Concrete Workshop: Parametric Precast
Concrete Workshop: Parametric Precast is a two semester research based workshop focused on developing next generation precast concrete wall systems using conventional reinforcing bars. Working in groups, the students in the course will develop state-‐ of-‐the-‐art variable precast wall systems and will work with Gate Precast to cast full scale prototypes to be installed in the School of Architecture in Spring 2017.
Politics of the Avant-Garde
Architecture and Ideology in Italy, Germany, and the Soviet Union 1900-1945. Alternating close critical reading of repreentative works with films, documentaries, and class discussions, the course focuses on the underlying issues that make these works epecially relevant today, from bio-politics to the architecture of crowds, surveillance, media technology and perception, phantasmagoria, dreamworlds, and spectacles.
Space is the Place: Afrofuturism & Architecture
Theory of Architecture 2
This seminar will explore how Afrofuturism relates to architecture. How might this aesthetic inform the way we think about our built environment? And about social justice? Our initial approach will be two-fold: to educate ourselves about Afrofuturist work in other disciplines, and to study the speculative and utopian narratives embedded in our own discourse.
Theory of Architecture 2
This course examines real examples of retrofits of dead malls, dying office parks, aging subdivisions, decaying commercial strip corridors, etc., into more sustainable, more resilient places. Readings and discussions will focus on the forces driving retrofitting, redevelopment processes, demographic changes, building type changes, the urban design and green infrastructure techniques employed, performance measures, and the theoretical implications of conflicted views of the American Dream.
This course offers students and opportunity to engage in an in-depth analysis of significant stadium projects, both contemporary and historical.
Bridge to the Future: Design Research and Communication
This course is designed to help students develop a design research profile and hone their written, verbal, graphic, and three-dimensional articulation of design ideas. This would be a useful class for any student hoping to do a thesis (or just develop a thesis sensibility), wishing to apply to top firms or graduate schools, or simply looking to maximize control of their own learning and design work.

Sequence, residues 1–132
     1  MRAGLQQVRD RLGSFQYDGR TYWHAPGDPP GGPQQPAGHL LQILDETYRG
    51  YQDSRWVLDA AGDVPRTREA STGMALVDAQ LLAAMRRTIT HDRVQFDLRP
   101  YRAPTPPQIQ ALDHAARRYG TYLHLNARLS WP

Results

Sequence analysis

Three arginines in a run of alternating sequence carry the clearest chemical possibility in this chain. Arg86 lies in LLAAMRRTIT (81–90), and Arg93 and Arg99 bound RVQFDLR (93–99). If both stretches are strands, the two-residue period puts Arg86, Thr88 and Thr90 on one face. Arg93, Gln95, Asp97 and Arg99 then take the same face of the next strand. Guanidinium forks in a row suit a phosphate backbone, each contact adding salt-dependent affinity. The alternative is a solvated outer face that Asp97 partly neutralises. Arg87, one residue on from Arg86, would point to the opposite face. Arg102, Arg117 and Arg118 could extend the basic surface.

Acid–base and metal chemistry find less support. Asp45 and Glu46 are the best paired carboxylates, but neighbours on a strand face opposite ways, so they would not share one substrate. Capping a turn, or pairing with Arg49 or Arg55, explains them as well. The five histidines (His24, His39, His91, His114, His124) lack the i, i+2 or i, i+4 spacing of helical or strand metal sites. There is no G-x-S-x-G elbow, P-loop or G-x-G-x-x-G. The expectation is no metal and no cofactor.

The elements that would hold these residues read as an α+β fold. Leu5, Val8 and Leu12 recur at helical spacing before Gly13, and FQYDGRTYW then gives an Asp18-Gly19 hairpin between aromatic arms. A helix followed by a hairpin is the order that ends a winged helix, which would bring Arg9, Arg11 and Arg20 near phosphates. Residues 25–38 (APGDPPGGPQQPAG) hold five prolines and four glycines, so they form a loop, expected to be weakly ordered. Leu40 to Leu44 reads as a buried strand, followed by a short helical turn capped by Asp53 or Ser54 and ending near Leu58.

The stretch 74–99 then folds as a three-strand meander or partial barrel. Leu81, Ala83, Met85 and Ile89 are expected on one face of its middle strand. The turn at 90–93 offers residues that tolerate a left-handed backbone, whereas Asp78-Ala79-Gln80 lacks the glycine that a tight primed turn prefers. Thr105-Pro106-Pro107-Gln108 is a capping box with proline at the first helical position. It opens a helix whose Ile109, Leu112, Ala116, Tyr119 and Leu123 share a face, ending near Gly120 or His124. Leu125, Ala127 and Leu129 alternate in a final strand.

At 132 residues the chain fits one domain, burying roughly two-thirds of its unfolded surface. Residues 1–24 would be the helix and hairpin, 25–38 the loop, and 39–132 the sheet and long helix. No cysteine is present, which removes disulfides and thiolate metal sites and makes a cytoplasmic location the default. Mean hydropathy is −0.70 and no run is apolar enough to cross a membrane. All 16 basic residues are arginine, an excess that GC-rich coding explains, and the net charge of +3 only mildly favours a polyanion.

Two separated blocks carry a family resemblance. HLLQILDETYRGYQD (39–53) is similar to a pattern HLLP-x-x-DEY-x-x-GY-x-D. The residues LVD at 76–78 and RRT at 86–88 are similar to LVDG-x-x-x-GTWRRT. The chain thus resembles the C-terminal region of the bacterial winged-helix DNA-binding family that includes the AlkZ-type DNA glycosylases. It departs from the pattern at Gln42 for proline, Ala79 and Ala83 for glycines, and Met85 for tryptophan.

The Future of Retail
John Peponis and Dennis Shelden
This course will examine the future of retail, whether on streets, in malls, in stores, or on the internet, from a variety of perspectives, including: Experience; Search; Information, display, dissemination; Circulation; Storage, classification and retrieval; Interface between buildings, places and web-pages; Front stage and back stage organization and infrastructure
Bioconstructivisms: Tinkering vs Engineering
“Nature is always tinkering,” said the evolutionary biologist François Jacob in the early 1970s. The concept of tinkering is based on a constant redefinition and variation of elements. Bioconstructivism is the art of tinkering: combining logic with vagueness. This elective discusses the main protagonists of such ideas. We will be looking into early concepts of biomimetics such as Fechner’s and Francé’s research into plant morphology; the analogue computing techniques of Antoni Gaudi and Frei Otto; the work of Ernst Haeckel who discovered the complexity of Radiolaria; as well as how digital design techniques can both generate and use such complex structures for architectural and engineering solutions. We will see how two worlds that have been separated since ages, art and engineering (Beaux-Arts and Polytechnique), can be brought together by contemporary forms of bioconstructivism and digital morphogenesis.
Urban Ecological Design
Perry P. J. Yang
The course engages the contemporary issues of urban ecology and its articulation to design in urban settings. The new commitment of the co-‐habitation of nature and built environment has drawn attentions of city planners, urban designers and architects. The discourses of urban sustainability have to move away from social sufficiency, ecological efficiency to systems compatibility by linking the urban forms and ecological flows in urban, industrial and natural systems. The climate challenges require design and planning professionals to deal with how cities could be analyzed, designed, managed, evaluated, represented and changed to meet the goals of shaping ecological, sustainable and resilient urban future. Defined by two categories Forms and Flows, the course covers theories, methods, tools and case studies of ecologically sound urban systems design.
Arch 4803.6243 | ID 8900
Craig Zimring, Lisa LIm and David Cowan
The class is aimed at graduate students and advanced undergraduates in Architecture, Industrial Design, Systems Engineering, HCI and others. Students will learn specific techniques for finding and evaluating research and will write two initial reports describing the state of the research and a final project applying this work to innovative healthcare designs that improve wellness and the quality, experience and effectiveness of care.
The Connell Workshop: The Art of Drawing
Lane M. Duncan
This workshop explores hand drawing tone, line, gesture, composition, and the historic humanistic forces that shaped them. Investigations are divided into two general categories - perception, the way in which we see the world, and conception, the way in which we attempt to order the world.
This exploratory course is inherently (and simultaneously) digital and physical, as a prime directive built into the overall set-up is that participants will iteratively navigate a wide range of working methods and spatial / material results. Exploiting the extensive arsenal of digital tools, expert knowledge, CNC fabrication machines and traditional shop equipment at the DFL, participants of this course set out to iteratively design and develop highly refined, cumulative digital-spatial / material constructs which may only be developed under such experimental circumstances.
Fabricating an Event(s) Space